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Comment Re:Hands on Wheel? (Score 1) 148

Actually they don't. Severe shoulder, arm, and back pain is a big deal for truckers. I'm a massage therapist. I've worked on guys who were in "level 10" pain. Real agony.

I've seen issues with the muscles: Teres major, Teres Minor, Latissimus Dorsi, Deltoids, Trapezius, Scalenes, Extensors and Flexors of the forearm, Triceps. (not the bicep very often tho), corocobrachialis. Oh and infra and super spinatus and levitor scapula.

http://dotphysicalutah.com/faq...

Plus the muscles: gluteus max and min (but not med), multifidus, erector spinae/spinalis, quadratus lumborum and psoas major.

http://www.crengland.com/truck...
http://realtruckdriver.com/3-c...

The best position would be in a comfortable char with your arms resting but not crossed watching the road attentively with little "attention" quizzes where you had to tap a button when a light came on. And with the machine observing you were in a capable state-- not falling asleep or looking away from the front for over 10 seconds at a time.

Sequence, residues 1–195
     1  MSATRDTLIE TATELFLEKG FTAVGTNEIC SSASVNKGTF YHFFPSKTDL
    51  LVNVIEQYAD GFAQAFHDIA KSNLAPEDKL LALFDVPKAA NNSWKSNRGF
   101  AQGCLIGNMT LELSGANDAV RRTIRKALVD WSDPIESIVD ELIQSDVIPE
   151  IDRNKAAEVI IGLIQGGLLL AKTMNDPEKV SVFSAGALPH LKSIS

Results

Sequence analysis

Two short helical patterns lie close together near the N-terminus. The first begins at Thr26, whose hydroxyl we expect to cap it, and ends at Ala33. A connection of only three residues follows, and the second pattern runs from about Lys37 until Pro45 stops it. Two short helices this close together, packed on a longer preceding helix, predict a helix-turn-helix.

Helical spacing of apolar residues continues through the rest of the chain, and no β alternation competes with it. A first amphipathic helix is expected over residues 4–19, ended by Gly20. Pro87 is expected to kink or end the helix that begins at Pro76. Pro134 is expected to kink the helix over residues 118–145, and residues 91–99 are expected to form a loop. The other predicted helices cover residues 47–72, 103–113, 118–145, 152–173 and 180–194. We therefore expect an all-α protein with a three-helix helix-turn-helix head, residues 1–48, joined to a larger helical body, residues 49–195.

Comment Re:Distracted (Score 1) 148

I don't think there was any fire. He was beheaded I think. Pictures of the Tesla make it clear it went under the trailer and the top of the car was ripped off clean at the body of the car.

The car then continued driving and swerved right? to the side of the road and stopped against a tree (not sure if it was braking or if it hit the tree or both).

Comment It's universal (Score 1) 192

It's time to face up to it, most people don't see copyright infringement as being all that serious. That includes the big copyright advocates that get caught with infringing material on their websites or who never quite get around to paying the artists their royalties, or who claim copyright on things that expired years ago. Right down to agencies who collect "for" artists who never agreed to their representation and who never see a check for the amount collected.